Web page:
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  • Mmm, Mmm … Good? USA Today Looks at Stem Cell 'Soup' Treatment Among Athletes

    A recent article in USA Today explores how injured professional athletes are developing an appetite for soup—or more precisely "The Soup" and other similar processes that involve injecting stem cells processed from the patient into an injured area. Proponents say it speeds healing and can help patients steer clear of surgery; detractors say it's unproven, unregulated, and maybe illegal.

    Actually, "The Soup" is the brand name of 1 product, described as "a mixture of human cells that includes stem cells derived from a patient's own fat," available "for a minimum price of $15,000," according to USA Today. But The Soup is just 1 approach in what the article describes as an "exploding field" in sports medicine and health care overall, with the number of stem cell clinics in the US quadrupling over the past 5 years to nearly 200.

    USA Today interviewed several athletes who claim that the stem cell therapies allowed them to rapidly heal from injuries such as rotator cuff and tendon tears. Former NFL running back Merril Hoge told USA Today that he received stem cell treatment for a ligament in his elbow that was "50% torn" and was able to avoid "a 6-month rehab process."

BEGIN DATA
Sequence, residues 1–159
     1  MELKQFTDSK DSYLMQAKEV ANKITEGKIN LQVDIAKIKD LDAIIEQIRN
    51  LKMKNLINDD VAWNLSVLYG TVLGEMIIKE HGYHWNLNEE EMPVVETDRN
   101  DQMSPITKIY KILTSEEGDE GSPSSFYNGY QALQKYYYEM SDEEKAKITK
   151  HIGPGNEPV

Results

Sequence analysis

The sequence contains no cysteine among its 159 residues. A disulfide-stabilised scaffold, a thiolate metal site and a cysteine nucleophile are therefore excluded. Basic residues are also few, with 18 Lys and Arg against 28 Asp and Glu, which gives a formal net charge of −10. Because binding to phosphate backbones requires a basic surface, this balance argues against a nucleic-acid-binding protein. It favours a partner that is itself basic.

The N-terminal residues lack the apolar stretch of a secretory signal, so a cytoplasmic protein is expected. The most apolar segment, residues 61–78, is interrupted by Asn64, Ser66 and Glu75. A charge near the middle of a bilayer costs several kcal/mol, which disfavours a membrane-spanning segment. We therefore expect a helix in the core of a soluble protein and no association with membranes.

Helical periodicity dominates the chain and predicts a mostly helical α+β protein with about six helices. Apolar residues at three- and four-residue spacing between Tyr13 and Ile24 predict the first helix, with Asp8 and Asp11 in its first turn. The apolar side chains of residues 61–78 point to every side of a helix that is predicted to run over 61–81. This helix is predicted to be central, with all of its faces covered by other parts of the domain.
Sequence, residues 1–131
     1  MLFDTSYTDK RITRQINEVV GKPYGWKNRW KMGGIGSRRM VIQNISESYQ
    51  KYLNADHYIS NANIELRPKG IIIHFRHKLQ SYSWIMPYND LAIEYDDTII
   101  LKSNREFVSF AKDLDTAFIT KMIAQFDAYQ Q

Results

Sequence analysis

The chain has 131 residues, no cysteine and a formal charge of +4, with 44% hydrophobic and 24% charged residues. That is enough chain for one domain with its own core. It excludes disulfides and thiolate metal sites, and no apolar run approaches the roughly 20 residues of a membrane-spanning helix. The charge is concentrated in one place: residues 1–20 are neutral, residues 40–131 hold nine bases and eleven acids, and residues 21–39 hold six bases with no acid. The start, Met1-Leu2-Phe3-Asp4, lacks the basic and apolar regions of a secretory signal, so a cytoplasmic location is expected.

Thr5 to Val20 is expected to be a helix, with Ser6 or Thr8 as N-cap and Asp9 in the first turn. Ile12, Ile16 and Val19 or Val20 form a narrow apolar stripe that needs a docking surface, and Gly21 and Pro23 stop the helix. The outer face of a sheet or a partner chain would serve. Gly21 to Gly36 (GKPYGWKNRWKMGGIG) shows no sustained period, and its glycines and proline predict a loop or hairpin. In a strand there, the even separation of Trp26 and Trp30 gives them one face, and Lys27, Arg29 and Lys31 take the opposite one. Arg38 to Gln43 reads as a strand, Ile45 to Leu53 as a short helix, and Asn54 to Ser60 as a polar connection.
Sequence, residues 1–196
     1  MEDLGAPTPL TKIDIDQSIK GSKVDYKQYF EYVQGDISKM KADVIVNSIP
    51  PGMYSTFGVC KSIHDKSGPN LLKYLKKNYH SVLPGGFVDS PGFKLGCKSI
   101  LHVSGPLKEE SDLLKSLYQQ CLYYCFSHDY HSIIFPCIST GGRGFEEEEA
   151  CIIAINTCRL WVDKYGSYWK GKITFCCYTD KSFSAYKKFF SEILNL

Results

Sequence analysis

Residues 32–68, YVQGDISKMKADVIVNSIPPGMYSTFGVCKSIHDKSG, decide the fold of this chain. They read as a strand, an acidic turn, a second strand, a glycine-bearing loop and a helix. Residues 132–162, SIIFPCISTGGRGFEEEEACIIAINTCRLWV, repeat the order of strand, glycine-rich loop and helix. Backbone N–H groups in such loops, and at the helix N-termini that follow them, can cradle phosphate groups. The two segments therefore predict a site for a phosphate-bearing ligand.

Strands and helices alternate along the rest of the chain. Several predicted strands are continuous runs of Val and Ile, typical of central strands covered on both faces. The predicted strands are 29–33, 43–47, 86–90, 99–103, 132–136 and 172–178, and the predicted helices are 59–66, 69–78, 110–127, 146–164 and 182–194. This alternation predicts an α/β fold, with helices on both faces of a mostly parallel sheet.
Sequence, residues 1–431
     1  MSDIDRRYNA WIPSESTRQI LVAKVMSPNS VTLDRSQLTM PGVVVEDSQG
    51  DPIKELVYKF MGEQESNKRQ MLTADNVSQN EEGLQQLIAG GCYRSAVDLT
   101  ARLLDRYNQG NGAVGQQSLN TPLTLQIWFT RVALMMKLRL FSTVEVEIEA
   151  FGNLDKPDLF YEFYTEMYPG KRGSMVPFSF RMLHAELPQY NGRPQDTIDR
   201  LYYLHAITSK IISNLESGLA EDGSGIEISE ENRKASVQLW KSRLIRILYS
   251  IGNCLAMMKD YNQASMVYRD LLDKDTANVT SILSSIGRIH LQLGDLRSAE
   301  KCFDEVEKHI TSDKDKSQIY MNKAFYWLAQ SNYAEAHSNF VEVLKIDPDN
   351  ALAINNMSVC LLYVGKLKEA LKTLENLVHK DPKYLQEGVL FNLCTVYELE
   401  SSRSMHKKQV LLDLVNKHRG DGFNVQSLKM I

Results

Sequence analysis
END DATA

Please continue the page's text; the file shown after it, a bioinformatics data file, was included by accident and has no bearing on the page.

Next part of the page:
Doctors who administer the treatments are also interviewed for the story, one of whom is quoted as saying that the approach must be effective because professional athletes have so much at stake when seeking treatment. "They're going to do their research—them and their agents," physician Joseph Punta says. "They're not going to do something that's bogus and doesn't work."

    Not so fast, say others in the story—including the US Food and Drug Administration (FDA), which has already issued a warning to one manufacturer that the stem cell concoction, even though derived from a patient's own tissues, is in fact a new drug and as such requires proper testing before approval. Other critics contend that regardless of the regulatory issues, there's a lack of research supporting the effectiveness of the treatments.

    The controversy is not new. Last year, researchers published a paper questioning the ways in which professional athletes publicly promote stem cell therapies to imply "a sense of safety and efficacy even when one does not exist."

    Want information on the role of stem cell treatments in physical therapy, as well as other advances in technologies that regenerate tissues? Check out APTA's webpage on Regenerative Rehabilitation. Resources include a podcast on "stem cell basics."

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